Post rebuilds cereal assortment, promos with eye toward leveling the playing field, segment share

By Elizabeth Crawford contact

- Last updated on GMT

Source: Getty / shironosov
Source: Getty / shironosov

Related tags: Post holdings, Cereal, coronavirus

With its full assortment of cereals returning to store shelves this month, Post Holdings expects to regain some of the share it lost in recent months in the segment to competitors that were faster to rebuild their assortment and resume promotions after pandemic-inspired pantry loading in March prompted many – including Post – to pull back on both.

Like its competitors, Post Consumer Brands reported substantial cereal sale and volume increases during its third quarter ending June 30, on top of already elevated sales for the first nine months of the year, but its numbers were lower than other leading cereal manufacturers.

For the third quarter, Post reported Aug. 7 that net sales of ready-to-eat cereal in North America climbed 11.4% to $52.8b compared to the same period last year. Volume sales also increased 7.5% during the period compared to the same time last year thanks to increased at-home consumption in reaction to the ongoing COVID-19 pandemic and private label distribution gains. Combined these helped the segment’s profit surge 54.3% to $127.6m during the quarter compared to the same time last year.

This is on top of an already strong year in which net sales for the segment rose 6.4% to $88.7m and segment profit increased 20.3% to $300.6m compared to the first nine months of last year.

Post confronts ‘softness’ in cereal market share

While impressive, the volume sales increase in the cereal segment for the third quarter was notably lower than Kellogg’s, which reported an increase of 16%, PepsiCo Quaker Oats, which was up 23% and General Mills, which was climbed 26% for the same period.

Post CEO Rob Vitale came across as nonplussed by the trend in an analyst call Aug. 7 to discuss the company’s third-quarter sales and earnings.

He acknowledged “some share softness”​ in the cereal category in June and July, but he said he did not anticipate “it getting more challenging going forward,”​ but rather he expects “more of a leveling”​ now that Post has rebuilt its inventory and assortment and begun promotions again.

He explained that “we essentially track the category”​ from March to May when most major players in cereal category had rationalized SKUs and backed off promotions to ensure that their supply chains and inventory could meet heightened consumer demand at the start of the pandemic.

As some competitors brought their full assortment and promotions back online in recent months, Post continued to hold back – temporarily creating a less even playing field.

“In order to shape demand, we of course pulled back merchandising. Unlike some of our other competitors, we kept that merchandising off really until August. So, August is the first month in which we have full assortment and full merchandising engaged. So, I think it’s merely a timing shift,”​ Vitale said.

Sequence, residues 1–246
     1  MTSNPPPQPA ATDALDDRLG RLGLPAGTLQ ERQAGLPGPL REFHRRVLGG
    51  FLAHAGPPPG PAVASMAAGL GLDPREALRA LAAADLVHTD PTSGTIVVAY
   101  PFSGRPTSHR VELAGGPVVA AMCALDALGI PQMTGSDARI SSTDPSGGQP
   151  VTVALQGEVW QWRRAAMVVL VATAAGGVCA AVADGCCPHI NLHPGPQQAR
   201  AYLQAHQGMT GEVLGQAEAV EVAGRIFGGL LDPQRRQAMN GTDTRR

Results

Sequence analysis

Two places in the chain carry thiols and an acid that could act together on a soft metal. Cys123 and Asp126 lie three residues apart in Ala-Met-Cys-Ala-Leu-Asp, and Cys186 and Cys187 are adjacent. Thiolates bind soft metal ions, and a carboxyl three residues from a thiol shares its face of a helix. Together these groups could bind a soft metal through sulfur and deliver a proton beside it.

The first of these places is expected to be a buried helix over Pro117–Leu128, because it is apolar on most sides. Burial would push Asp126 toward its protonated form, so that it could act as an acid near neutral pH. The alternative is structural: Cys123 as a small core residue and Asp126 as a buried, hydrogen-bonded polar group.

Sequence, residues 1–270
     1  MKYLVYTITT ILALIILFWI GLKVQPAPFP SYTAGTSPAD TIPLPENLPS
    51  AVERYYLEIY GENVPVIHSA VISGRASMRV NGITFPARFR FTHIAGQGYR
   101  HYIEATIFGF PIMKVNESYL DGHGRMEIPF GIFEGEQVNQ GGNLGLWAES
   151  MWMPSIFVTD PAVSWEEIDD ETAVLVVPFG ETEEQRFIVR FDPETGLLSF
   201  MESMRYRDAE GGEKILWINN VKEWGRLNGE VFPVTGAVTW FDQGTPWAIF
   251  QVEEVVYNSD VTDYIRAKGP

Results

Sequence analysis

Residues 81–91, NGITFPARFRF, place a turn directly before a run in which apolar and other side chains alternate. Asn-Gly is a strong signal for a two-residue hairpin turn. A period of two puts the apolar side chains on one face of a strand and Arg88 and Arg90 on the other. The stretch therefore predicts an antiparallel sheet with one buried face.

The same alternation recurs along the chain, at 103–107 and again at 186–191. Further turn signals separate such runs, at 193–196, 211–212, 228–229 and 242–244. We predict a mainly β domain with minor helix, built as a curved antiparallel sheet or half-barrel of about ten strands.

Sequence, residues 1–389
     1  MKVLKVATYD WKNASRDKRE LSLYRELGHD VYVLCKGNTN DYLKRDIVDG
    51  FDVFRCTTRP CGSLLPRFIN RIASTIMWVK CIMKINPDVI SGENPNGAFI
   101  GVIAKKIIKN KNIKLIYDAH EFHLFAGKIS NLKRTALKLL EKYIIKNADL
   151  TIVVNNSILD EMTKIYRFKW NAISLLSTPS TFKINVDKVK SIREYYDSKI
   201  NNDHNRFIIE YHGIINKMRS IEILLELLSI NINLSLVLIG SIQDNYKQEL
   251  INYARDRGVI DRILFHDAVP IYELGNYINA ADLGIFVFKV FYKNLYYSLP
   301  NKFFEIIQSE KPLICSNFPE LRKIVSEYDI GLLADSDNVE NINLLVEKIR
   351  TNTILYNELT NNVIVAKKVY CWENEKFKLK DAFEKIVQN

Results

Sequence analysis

He also noted that the difference in volume is due in part to consumer channel shifting, which he said he doesn’t see as “being a particularly persistent trend.”​ He explained that Post over-indexes in Mass but in recent months consumers have moved to food retail.

Strong overall results for consumer brands

While the delay to re-engage promotions might temporarily have cost Post market share in the cereal segment, the strategy did help drive up average net pricing, which for the entire Post consumer brands’ segment rose 3.4% in the third quarter compared to the same time last year.

In addition, net sales and volume for the company’s overall consumer brand segment also rose 11.4% and 7.5% respectively during the quarter.

Despite strong growth in Post Consumer Brands, Refrigerated Retail and Weetabix, driven by increased at-home consumption, Post Holding’s overall net sales fell dramatically during the third quarter compared to last year due to anticipated declines in Foodservice and a longer than expected impact from pandemic-related shopping shifts on BellRing Brands.

Overall, for the third quarter, net sales dropped 7.1% to $1.33b compared to $1.43b last year at the same time. Gross profit also fell $25.3m to $436.8m during the quarter over the year ago period. Net earnings, however, were up 122.2% to $36m compared to $16.2m during the third quarter last year.

Looking forward, Vitale told investors that he expects the fourth quarter to be “similar in aggregate to the third quarter, with potentially significant changes in segment composition.”

He also said the company is operating with “growing confidence in our ability to maintain continuity of supply,”​ which is allowing it to be more offensive with its capital going forward.

Ultimately, he said, Post’s strength and ability to weather the pandemic’s impact is due to its diverse portfolio in which its businesses “naturally hedged each other,”​ so that despite 2020 being a “challenging year”​ Vitale said continues to be “most proud of the business.”

Related topics: Manufacturers

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